Hempton mentions that even Buffett’s two portfolio managers (Todd Combs and Ted Weschler) don’t follow a true punch card approach. I don’t know about Combs, but Hempton is wrong on Weschler I think, who is known for owning very concentrated positions in very few stocks and holding them for years (he compounded money at around 25% annually for 12 years in his fund before closing it to go work for Buffett, and the majority of his returns came from just a few positions that he held the entire life of the fund).
In fact, the majority of Weschler’s performance can be traced to two large investments that he owned throughout the life of his fund: DaVita and WR Grace. You could argue that those two investments were in large part responsible for his landing of a position at Berkshire. According to this article, he still holds a large personal stake in WR Grace (and what must be a massive personal deferred tax liability of something close to $100 million—he bought the stock for $2 in the early 2000’s).
So there are a few out there who walk the walk. But largely, I think Hempton is exactly right that most managers are biased toward activity. I also think many managers might not even consciously realize this bias. They intuitively want to convey to their clients that they are working hard, and one of the only ways to measure work progress (from the perspective of the client) is by looking at activity within the portfolio.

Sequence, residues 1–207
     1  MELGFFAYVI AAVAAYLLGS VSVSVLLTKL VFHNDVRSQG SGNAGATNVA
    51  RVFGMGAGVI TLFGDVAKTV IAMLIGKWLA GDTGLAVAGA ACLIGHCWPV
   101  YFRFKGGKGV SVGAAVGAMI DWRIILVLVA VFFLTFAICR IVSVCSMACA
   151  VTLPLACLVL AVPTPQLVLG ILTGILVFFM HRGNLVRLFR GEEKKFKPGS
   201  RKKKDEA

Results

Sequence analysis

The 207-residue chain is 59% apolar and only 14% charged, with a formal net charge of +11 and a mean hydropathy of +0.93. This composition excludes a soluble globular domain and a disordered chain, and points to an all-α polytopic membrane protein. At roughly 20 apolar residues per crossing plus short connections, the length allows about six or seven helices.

Some investment managers fear their clients think like this:
- Lots of activity: the manager must be busy looking at lots of ideas
- No change in the portfolio since last quarter: what has this guy been doing for three months? And why am I paying him?
Also, during a period of underwhelming performance, it can be difficult to stick with this approach. As Hempton says, these times can be extremely productive from a learning point of view:
But mostly I would have been just idle. So in the midst of underperformance a client might ask me what I did last year and I would say something like
a) I read 57 books
b) I read about 200 sets of financial accounts
c) I talked to about 70 management teams and
d) I visited Italy, the UK, Germany, France, Japan, the USA and Canada
This is such a great point. That type of workload will produce measurable results at some point in the future, but it won’t show up in this quarter’s statement that clients receive.